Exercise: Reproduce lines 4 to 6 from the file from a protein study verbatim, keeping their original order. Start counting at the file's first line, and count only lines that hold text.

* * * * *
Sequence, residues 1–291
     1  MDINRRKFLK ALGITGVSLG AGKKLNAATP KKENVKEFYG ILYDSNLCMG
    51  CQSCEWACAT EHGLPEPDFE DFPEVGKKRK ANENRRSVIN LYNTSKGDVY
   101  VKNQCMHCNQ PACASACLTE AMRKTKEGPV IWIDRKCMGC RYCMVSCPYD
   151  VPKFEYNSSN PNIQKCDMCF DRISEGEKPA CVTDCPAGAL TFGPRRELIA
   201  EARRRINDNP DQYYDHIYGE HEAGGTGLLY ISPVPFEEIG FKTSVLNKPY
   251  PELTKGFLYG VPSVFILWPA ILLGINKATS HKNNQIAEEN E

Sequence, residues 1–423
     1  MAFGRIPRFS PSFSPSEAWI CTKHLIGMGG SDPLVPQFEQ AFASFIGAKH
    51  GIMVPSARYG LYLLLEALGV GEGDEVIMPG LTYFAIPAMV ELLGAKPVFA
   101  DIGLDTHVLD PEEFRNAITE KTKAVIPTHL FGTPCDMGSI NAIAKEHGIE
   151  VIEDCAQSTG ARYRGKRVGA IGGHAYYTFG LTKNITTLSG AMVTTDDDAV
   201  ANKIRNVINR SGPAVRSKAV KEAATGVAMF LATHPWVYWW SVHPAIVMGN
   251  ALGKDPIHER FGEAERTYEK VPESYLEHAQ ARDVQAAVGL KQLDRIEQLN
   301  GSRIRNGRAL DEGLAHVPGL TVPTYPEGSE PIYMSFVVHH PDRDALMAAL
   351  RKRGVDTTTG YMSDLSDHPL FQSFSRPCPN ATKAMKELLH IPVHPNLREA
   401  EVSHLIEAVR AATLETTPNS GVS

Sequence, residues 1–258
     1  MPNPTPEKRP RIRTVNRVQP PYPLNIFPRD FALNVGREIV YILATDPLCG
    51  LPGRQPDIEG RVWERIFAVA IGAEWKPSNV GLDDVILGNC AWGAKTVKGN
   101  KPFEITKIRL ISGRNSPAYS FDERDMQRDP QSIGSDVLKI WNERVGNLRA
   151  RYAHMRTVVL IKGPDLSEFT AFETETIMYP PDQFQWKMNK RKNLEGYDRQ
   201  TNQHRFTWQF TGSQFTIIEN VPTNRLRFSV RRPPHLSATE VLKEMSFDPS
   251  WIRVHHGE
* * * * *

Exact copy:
   101  VKNQCMHCNQ PACASACLTE AMRKTKEGPV IWIDRKCMGC RYCMVSCPYD
   151  VPKFEYNSSN PNIQKCDMCF DRISEGEKPA CVTDCPAGAL TFGPRRELIA
   201  EARRRINDNP DQYYDHIYGE HEAGGTGLLY ISPVPFEEIG FKTSVLNKPY